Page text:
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Old Gold & Black

Old Gold & Black

OPINION: Men’s Basketball just won’t back down
Abigail Taylor, Contributing writer • February 27, 2024

Letter from the Editor

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A lesson from fall

Hello, Terriers! Editor-in-Chief, Caroline Maas, here. As the leaves are beginning to change color and the air sheds its normal layer of humidity, my soul is singing at the promise of fall’s return. It is a magical time of year, indeed.

 

There has always been something so compelling to me about autumn, a restful liminality that allows fall, the season between the two extremes of summer and winter, to simply exist as it is. It is a paradox, I suppose, that fall seems so safely nestled between the hottest and coldest seasons of the year when we all know that fall is fleeting and will leave just as quickly as it has arrived. But I’ve been thinking recently that there’s something we can learn from this season.

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We are all liminal creatures, stuck in between one season and another; in a way, we are all our own breed of autumn. We have all been trained to hold a constant posture of waiting: for the weekend, for graduation, for the grade or the acceptance letter, for the right person to come along. We have bought into the lie that this moment is not good enough, so we must always be holding our breath for the next. But as fleeting as fall is, it has Presence down to science.

 

In a season that seems to be filled with nothing but talk of the next season, I invite you to indulge in the gift of right now. I beg you to sink deeply into the ground you stand on, with both feet firmly planted and let yourself be distracted by the vitality of the world around you. Have conversations that last for longer than you’ve allotted in your agenda. Ask people how they are and really listen to hear the answer. Delete Instagram for a week. Ask a friend to go on a walk. If you start to feel anxious, write down three things you are thankful for at that exact moment in time. Call your mom. Write your grandpa a letter. Kick off your shoes and lie down in the grass. Fuel your body with food that came straight from the Earth and remind yourself how deeply a part of it you are. Forgive yourself. Forgive others. Pay for the meal of the person standing behind you in line at Chick-Fil-A. Say “thank you” and “I love you,” and if you don’t mean it, say it until you do.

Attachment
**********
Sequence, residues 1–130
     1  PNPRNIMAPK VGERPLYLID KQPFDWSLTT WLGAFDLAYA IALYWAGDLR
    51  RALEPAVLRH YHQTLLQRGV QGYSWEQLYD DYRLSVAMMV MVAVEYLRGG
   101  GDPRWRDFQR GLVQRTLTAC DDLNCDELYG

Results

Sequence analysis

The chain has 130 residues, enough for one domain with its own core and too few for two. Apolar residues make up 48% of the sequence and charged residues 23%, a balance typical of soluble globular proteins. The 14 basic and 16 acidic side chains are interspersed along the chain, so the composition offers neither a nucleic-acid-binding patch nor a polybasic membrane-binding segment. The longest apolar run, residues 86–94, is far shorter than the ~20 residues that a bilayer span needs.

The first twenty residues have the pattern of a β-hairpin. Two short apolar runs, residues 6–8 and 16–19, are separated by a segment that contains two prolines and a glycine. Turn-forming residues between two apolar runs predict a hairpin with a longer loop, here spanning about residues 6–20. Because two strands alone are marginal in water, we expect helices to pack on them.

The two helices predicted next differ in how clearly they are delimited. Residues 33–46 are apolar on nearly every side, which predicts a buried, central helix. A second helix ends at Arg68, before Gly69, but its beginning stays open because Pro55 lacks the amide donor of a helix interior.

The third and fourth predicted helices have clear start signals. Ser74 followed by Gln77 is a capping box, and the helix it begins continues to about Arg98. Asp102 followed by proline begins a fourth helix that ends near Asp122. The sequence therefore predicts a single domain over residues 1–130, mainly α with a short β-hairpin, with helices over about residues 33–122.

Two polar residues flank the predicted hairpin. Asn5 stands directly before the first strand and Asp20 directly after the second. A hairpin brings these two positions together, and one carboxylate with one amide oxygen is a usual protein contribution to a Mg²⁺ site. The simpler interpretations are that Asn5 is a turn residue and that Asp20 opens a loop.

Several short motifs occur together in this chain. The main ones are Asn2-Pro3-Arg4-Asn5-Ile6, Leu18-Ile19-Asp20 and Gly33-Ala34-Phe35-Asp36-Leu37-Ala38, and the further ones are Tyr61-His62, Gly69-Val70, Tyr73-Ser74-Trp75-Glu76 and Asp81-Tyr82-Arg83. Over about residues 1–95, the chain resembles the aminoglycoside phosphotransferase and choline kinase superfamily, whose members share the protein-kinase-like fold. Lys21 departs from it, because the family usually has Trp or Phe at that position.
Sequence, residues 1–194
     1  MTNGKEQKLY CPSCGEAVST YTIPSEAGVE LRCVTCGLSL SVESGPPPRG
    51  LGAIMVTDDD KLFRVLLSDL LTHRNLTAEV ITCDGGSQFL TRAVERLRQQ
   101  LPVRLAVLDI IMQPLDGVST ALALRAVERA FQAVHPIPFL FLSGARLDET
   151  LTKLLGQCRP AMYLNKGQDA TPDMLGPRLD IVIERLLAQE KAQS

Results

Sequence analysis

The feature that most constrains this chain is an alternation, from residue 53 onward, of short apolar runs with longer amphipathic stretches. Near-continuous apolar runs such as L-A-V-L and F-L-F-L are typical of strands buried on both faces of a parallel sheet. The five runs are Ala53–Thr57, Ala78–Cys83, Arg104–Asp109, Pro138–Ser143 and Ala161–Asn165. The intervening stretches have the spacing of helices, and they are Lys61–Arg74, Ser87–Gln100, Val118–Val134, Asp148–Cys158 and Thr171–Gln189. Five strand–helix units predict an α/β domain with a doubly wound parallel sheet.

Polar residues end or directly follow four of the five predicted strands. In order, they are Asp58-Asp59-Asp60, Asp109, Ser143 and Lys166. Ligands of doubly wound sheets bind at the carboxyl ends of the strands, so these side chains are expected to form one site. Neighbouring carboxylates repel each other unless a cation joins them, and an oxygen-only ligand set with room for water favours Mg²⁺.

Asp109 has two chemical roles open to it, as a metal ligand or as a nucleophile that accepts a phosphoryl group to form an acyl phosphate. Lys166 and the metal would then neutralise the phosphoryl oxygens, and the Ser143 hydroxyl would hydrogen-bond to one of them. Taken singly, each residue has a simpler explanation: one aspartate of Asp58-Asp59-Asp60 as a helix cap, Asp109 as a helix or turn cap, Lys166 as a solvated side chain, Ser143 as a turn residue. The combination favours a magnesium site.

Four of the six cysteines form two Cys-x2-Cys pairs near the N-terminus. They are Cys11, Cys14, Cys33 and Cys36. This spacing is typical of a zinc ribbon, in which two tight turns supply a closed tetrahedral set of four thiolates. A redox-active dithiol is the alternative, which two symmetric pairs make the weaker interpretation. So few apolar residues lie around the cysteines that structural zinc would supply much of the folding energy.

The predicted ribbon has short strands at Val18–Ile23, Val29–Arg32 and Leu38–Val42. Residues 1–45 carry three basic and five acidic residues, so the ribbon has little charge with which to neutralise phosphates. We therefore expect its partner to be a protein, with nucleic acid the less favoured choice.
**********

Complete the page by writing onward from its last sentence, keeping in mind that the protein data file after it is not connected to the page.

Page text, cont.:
It is these things that I am trying to remember myself: that this season will pass, and we will soon be waiting on another phone call, another acceptance letter and rushing to meet another deadline. The world is predictable in that sense. But the sky will never be the exact same color as it is right this moment and your roommates will never be dying laughing in the same disjointed harmony as they are this very second. Be sure to remember to show up this season, to really show. Show up for yourself and for others. This is our invitation. This is the dance. And I, for one, can’t wait to join in.

 

Wishing you the happiest fall season,

Caroline Maas, editor-in-chief

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